• Hi Praveen – In all honesty, I would be hesitant traveling with an entire family in coach for 2 nights on the train. If budget is a concern, you could contact Amtrak and find out about getting two roomettes for only one night (the last night when you’ll need it most) and all your meals are included. Look at the route map and find a good halfway point to move into an accommodation. But Coach is definitely do-able if you plan ahead. You didn’t mention the ages of everyone traveling or how many there are in your group. If one night of the two takes you out of your budget, then for sure pack comfy small blankets and pillows. You might even consider asking Amtrak about buying an extra seat if they would allow it. Have a fun and wonderful trip across America! Thanks for your question. Sherry

  • Hi, am considering travelling with family from Chicago to Los Angeles one way on August 5th. Would you recommend the coach seats? Are they comfortable enough for the 40 hour journey?

  • Hi Rose,
    As of right now, the long haul trains from California to Chicago do not have wifi. Much of the trip is through very remote parts of the country and would make connectivity very difficult, I’d imagine. However, the Silver Service trains between NYC/WAS and Florida do have wifi.

    You can always try your luck with your service provider but as I mentioned, there will be brief times when there isn’t even phone service or it’s spotty at best. When you’re on the train from DC, look for AmtrakConnect as the service provider and simply log in.

    I hope this is helpful and have a wonderful cross-country trip.

    Sherry

  • I will be travelling from Los Angeles to N. Carolina this November. There will be 2 change trains, Chicago & DC. Do you know if WiFi is available on this route.

  • Good advice, James. You never know when a good ol’ turkey sandwich will be just perfect. Glad to know you enjoyed the trip, despite the breakfast issue. The scenery is gorgeous. Thanks for your comment.
    Sherry

  • I live in Detroit and went to visit my son in Phoenix for Thanksgiving in 2005. Took the train to Chicago and then changed to the Southwest Chief and traveled as far as Flagstaff where my son picked me up. The scenery in New Mexico was breathtaking and fortunately we passed through that area during daylight. But I would not recommend this trip during the winter because the daylight hours are so few. Most of the trip was in darkness. I’d love to do it again in June some year! My only complaint: just plain terrible breakfast food. If you can imagine a frozen breakfast tray consisting of an omelet and other things. Inedible. Bring plenty of ham and turkey sandwiches and live on those and stay away from the Amtrak dining car.

  • Hi Ellen, thank you very much for your interest! I will definitely look for the link and send it to you. Sometimes there’s a hiccup. Sorry for the inconvenience. Sherry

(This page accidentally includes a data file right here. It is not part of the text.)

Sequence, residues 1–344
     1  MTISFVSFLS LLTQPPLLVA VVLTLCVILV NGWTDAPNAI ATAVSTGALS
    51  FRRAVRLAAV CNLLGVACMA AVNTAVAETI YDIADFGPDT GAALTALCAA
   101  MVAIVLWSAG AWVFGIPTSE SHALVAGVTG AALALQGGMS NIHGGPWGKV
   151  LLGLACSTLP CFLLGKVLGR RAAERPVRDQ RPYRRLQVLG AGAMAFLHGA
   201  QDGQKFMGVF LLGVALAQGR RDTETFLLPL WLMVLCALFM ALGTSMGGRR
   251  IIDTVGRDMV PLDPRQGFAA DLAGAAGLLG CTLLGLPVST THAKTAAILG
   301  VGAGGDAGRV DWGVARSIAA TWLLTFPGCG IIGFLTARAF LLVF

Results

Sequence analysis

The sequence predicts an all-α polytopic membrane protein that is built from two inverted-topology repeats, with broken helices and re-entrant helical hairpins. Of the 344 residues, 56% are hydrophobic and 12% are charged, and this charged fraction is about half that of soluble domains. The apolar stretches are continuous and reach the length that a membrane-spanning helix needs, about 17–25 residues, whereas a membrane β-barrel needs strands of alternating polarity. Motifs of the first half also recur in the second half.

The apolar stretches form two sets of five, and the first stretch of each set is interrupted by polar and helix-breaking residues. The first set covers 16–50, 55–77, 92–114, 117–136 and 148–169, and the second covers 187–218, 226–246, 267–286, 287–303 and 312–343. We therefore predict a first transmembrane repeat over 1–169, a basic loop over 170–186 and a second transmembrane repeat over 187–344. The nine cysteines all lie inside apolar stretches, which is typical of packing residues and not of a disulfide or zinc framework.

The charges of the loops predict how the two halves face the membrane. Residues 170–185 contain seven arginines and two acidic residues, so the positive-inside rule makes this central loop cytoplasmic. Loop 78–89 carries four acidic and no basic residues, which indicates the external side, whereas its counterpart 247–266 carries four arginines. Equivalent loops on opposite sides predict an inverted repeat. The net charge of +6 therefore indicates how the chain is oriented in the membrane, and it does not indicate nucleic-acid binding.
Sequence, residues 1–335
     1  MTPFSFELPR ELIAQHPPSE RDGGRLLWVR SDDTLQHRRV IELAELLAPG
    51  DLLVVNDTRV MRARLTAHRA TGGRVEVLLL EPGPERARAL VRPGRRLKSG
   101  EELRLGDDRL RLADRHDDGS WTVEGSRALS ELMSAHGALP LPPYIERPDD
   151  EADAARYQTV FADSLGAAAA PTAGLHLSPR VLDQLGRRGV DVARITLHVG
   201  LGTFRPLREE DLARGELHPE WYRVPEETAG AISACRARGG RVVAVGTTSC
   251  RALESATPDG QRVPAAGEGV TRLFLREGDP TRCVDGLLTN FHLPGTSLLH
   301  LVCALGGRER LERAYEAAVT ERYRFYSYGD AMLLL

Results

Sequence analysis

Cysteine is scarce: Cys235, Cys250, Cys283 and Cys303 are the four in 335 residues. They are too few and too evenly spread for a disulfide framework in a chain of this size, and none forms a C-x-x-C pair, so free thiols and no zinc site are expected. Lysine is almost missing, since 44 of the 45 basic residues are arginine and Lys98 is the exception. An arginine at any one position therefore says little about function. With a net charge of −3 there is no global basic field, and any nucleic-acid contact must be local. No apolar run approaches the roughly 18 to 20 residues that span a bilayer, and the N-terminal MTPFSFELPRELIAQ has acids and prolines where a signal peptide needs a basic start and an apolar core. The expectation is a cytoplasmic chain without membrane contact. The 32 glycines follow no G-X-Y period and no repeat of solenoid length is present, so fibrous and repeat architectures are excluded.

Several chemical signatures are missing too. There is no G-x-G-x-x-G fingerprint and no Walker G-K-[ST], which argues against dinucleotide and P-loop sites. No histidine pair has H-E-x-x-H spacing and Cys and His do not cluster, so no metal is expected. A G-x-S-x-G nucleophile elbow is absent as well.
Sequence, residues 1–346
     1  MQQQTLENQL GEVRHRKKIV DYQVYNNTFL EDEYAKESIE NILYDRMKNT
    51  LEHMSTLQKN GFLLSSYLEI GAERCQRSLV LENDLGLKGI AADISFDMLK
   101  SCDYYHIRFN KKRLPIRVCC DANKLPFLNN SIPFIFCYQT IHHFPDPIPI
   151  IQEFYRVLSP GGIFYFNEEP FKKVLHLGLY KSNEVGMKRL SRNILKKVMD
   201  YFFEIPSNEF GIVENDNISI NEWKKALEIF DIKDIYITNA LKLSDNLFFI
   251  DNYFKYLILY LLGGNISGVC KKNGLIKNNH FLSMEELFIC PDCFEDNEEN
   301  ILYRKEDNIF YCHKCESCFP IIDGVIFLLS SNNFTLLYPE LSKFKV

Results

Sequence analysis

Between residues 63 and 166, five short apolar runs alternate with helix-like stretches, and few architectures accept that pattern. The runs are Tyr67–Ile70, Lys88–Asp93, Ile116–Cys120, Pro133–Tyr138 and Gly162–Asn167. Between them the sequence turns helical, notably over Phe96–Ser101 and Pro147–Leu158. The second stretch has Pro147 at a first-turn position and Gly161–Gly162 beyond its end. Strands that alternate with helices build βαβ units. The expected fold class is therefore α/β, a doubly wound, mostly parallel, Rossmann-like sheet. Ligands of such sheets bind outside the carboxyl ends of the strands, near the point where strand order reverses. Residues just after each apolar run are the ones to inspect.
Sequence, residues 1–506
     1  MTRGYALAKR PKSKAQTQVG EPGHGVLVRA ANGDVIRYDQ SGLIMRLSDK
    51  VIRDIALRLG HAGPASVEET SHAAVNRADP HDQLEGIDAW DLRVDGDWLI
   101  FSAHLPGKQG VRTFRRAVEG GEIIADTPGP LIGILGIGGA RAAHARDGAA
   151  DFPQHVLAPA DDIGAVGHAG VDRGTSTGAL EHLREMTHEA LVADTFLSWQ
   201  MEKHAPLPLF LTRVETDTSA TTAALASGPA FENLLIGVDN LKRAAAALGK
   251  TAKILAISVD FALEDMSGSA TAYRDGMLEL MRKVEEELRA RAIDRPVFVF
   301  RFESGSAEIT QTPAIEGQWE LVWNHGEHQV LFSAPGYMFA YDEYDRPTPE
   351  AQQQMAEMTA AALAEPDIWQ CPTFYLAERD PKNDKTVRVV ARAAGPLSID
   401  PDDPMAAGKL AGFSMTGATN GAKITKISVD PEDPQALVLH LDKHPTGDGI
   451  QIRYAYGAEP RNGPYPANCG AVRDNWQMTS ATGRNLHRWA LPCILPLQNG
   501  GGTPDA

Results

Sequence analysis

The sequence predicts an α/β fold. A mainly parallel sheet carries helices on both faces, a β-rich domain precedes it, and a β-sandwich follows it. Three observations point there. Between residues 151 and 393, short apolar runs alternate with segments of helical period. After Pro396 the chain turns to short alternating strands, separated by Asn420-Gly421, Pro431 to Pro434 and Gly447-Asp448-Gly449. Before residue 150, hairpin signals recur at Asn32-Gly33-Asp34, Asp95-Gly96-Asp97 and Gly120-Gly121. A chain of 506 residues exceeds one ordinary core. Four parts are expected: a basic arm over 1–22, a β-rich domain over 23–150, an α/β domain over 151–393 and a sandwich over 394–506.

• Sorry, enjoying this story of your trip to Hawaii, but I seem unable to go to the next part in the story once you reach Los Angeles? Would love to read the rest. Can you help me find the proper link? Thanks

  • Hi Carolyne,

    Thank you for your question. On the issue of safety, I have always felt safe aboard Amtrak. Of course, if you opt for coach rather than a roomette, you’ll want to not leave any valuables at your seat if you plan to leave the coach for a while (like for a meal in the diner). But personal safety has never been an issue for me. As far as being in coach for 25 hours, it isn’t horrendous, but do bring your own blanket and a pillow and plenty of movies or shows to watch. Cell phones work for almost all of the trip, with the exception of a few minutes here and there and maybe an hour when you’re out in the middle of nowhere.

    Hopefully you will be able to have two seats to yourself so you can stretch out a bit. You might inquire about purchasing two seats…I’ve never done that but I have spoken with people who have and were very happy about it.

    Have a wonderful train ride…the scenery is beautiful, you can eat in the dining car and meet all sorts of interesting people.

    Sherry

  • I am currently contemplating taking this Amtrek train from Chicago to New Mexico and had a few questions for you.

    I have never done anything like this and will be traveling alone, do you feel these trains are safe?

    I was not planning on spending the $ for a room and I am not sure what it will be like to be in a seat for 25 hours?

    What wisdom or advice would you give someone who truly does not know what to expect if I choose this route of travel?

    Thank you!

  • Hi Susan,

    Good for you! I even met two couples on the Southwest Chief who boarded the train in Kansas City, MO and were going on the same cruise with me. Word is getting around! Thanks for your comment.

    Sherry

  • Great story – we have done much the same, coming from St. Louis on way to a round trip cruise to Hawaii. Heavenly. We came back via the Sunset Limited and Texas Eagle. Always so relaxing, and a great way to see Hawaii.